What you need to know
While many people recover quickly from COVID-19, some people experience symptoms long after recovery from the acute disease. These symptoms can include fatigue, shortness of breath, “brain fog,” sleep problems, fever, anxiety, and depression. These and other long-term effects of COVID-19 are collectively referred to by the broad research term post-acute sequelae of SARS-CoV-2 infection (PASC). (SARS-CoV-2 is the virus that causes COVID-19.) These effects may continue months after recovery and may involve multiple organs and systems.
NIH launched the RECOVER (Researching COVID to Enhance Recovery) initiative in February 2021 to bring together researchers and scientists to identify the causes and the means to prevent and treat PASC, including what is commonly called Long COVID or long-haul COVID.
What is this initiative about?
The RECOVER initiative aims to understand how people recover from COVID-19 and why some people do not fully recover after the viral infection seems to have cleared.
Research will include people who have SARS-CoV-2 infection and PASC, as well as people who may not have been infected by SARS-CoV-2, for comparison. Researchers will collect data from these participants over time. The research cohort will include both children and adults, and will emphasize diversity, to ensure that the findings apply to the communities who have been most affected by COVID-19.
Some people experience the symptoms of COVID-19 long after they recover from the disease.
Why is this research important?
The research will help us understand how to prevent and treat the symptoms and long-term effects of COVID-19.
Some questions that this initiative hopes to answer include:
- What does the spectrum of recovery from SARS-CoV-2 infection look like across the population?
- How many people continue to have symptoms of COVID-19, or even develop new symptoms, after acute SARS-CoV-2 infection?
- What is the underlying biological cause of these prolonged symptoms?
- What makes some people vulnerable to this but not others?
- Does SARS-CoV-2 infection trigger changes in the body that increase the risk of other conditions, such as chronic heart or brain disorders?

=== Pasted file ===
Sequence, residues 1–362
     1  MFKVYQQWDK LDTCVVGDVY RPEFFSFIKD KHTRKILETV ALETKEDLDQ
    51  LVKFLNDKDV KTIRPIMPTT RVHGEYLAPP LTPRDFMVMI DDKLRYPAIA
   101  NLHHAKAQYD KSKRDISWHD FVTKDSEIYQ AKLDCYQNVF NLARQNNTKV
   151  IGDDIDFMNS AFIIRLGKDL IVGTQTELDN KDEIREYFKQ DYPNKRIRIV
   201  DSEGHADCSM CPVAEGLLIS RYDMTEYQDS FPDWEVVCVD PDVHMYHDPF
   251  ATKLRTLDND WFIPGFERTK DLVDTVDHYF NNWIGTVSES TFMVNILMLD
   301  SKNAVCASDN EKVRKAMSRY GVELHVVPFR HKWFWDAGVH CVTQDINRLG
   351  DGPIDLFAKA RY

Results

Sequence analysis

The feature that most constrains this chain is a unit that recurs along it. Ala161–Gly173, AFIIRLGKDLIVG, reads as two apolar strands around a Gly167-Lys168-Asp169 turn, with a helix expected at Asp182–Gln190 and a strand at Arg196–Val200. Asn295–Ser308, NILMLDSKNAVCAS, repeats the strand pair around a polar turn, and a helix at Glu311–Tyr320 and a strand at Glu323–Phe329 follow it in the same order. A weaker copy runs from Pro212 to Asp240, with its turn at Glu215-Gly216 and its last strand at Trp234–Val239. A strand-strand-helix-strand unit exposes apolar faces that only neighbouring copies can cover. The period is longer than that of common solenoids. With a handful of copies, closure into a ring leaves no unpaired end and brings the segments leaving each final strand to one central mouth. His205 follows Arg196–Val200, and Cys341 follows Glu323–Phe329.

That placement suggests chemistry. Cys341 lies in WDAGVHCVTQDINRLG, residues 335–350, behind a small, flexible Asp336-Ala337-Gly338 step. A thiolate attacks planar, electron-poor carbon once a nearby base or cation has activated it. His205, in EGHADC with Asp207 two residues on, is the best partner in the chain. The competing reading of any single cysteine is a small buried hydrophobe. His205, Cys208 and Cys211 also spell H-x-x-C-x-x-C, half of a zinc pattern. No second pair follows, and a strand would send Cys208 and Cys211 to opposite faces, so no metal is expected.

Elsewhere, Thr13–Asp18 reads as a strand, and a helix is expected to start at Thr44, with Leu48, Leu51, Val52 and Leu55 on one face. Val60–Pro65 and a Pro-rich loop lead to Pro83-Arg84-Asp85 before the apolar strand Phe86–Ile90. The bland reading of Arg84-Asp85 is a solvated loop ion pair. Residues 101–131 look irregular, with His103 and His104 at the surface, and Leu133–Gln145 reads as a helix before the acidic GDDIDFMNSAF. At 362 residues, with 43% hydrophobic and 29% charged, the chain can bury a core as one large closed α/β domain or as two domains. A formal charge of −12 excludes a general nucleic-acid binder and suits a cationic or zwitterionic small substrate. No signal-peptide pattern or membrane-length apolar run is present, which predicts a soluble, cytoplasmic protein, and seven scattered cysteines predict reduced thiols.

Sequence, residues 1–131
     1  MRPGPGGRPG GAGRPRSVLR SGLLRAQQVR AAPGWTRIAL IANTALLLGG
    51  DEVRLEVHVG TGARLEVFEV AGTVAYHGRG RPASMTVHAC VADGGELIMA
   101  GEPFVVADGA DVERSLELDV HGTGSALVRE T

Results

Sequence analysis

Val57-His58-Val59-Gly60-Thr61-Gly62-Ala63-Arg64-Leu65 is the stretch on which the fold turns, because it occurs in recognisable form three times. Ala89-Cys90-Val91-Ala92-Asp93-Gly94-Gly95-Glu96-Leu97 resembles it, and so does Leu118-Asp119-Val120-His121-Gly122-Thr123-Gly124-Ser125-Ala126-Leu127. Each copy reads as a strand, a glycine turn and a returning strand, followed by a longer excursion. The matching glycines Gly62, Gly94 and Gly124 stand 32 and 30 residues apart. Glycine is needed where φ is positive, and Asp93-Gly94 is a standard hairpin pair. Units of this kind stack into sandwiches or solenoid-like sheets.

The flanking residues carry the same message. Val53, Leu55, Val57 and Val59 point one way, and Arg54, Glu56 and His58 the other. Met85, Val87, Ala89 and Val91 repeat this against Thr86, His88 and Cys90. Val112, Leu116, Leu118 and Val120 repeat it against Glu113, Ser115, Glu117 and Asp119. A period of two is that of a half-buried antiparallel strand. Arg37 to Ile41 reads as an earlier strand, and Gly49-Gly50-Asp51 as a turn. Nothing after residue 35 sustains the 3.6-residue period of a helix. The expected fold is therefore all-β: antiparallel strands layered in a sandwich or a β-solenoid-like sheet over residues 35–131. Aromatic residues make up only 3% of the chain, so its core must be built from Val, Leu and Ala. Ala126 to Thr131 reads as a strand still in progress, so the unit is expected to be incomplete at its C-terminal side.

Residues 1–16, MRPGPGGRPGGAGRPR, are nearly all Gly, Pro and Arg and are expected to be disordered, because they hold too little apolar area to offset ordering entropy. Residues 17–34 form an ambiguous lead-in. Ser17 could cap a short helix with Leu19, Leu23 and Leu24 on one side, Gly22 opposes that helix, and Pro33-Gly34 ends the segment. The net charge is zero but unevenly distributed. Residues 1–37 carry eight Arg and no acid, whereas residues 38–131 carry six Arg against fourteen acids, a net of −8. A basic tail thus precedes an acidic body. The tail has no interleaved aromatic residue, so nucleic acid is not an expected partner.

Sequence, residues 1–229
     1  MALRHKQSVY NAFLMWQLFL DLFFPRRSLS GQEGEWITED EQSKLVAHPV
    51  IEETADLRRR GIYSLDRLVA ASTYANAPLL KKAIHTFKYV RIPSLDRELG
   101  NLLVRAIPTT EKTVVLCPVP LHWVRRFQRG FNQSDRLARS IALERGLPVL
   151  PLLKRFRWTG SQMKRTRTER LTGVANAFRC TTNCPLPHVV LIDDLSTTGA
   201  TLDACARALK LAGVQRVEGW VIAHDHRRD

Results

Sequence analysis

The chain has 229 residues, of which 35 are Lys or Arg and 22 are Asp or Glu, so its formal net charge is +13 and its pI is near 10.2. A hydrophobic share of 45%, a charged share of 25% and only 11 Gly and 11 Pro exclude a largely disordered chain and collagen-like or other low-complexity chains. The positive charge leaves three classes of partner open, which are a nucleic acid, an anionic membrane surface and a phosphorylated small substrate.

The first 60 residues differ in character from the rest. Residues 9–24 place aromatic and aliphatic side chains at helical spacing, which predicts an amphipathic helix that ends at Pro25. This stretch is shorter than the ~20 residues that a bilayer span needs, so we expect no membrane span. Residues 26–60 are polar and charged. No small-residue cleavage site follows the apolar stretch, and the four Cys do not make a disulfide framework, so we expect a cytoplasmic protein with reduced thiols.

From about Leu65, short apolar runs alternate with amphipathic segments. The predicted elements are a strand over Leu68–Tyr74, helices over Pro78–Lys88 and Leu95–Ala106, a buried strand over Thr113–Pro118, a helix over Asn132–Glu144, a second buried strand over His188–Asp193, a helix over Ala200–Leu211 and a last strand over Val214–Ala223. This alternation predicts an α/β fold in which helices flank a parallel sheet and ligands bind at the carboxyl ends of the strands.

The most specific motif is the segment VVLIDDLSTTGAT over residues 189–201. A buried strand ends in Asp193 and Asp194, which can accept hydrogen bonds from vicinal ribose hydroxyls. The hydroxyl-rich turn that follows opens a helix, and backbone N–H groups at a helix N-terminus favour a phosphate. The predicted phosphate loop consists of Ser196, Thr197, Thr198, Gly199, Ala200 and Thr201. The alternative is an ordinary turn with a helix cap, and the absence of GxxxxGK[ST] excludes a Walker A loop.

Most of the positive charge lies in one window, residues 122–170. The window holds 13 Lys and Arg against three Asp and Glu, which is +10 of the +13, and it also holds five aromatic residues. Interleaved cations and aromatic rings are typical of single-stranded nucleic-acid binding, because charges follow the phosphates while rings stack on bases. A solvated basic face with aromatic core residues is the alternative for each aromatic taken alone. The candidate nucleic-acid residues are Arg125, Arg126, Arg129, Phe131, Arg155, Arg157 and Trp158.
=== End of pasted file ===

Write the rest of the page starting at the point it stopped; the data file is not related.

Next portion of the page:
The initiative will include existing ongoing COVID-19 studies as well as new studies of people with PASC.
Where can I go to learn more?
RECOVER Research Opportunity Announcements (ROAs)
The initiative is funded by a set of complementary areas of research through several solicitations or research opportunity announcements (ROAs).
- This ROA will fund the development of customized mobile apps to collect PASC digital health measures.
- This ROA includes Digital Health Data Repository, Clinical, and Observational Data Repository to help deploy, manage, and grow a secure digital infrastructure.
- This ROA combines two studies to leverage new and existing processes and data. One study includes people who are newly diagnosed with SARS-CoV-2 and the other includes people who have recovered and have new or persistent symptoms.
- This ROA includes three components: A Clinical Science Core to develop and implement master protocols, a Data Resource Core to oversee the collection and sharing of PASC-related data, and a PASC Biorepository Core to establish and maintain a central repository for the data.
Frequently Asked Questions about ROAs for the RECOVER initiative
- Slides from the PASC Technical Assistance Workshop on March 1, 2021
- Slides from the Technical Assistance Webinar on July 15, 2021
- Email: RECOVER@nih.gov
- Statement from NIH Director Francis S. Collins, M.D., Ph.D., on the initiative launch.
- Dr. Collins blog post on the results of a study on PASC in January 2021
- NIH initiative to better understand SARS-Cov-2 infection in children
- CDC page on PASC for health care workers
Original Article – https://covid19.nih.gov/news-and-stories/when-COVID-19-symptoms-linger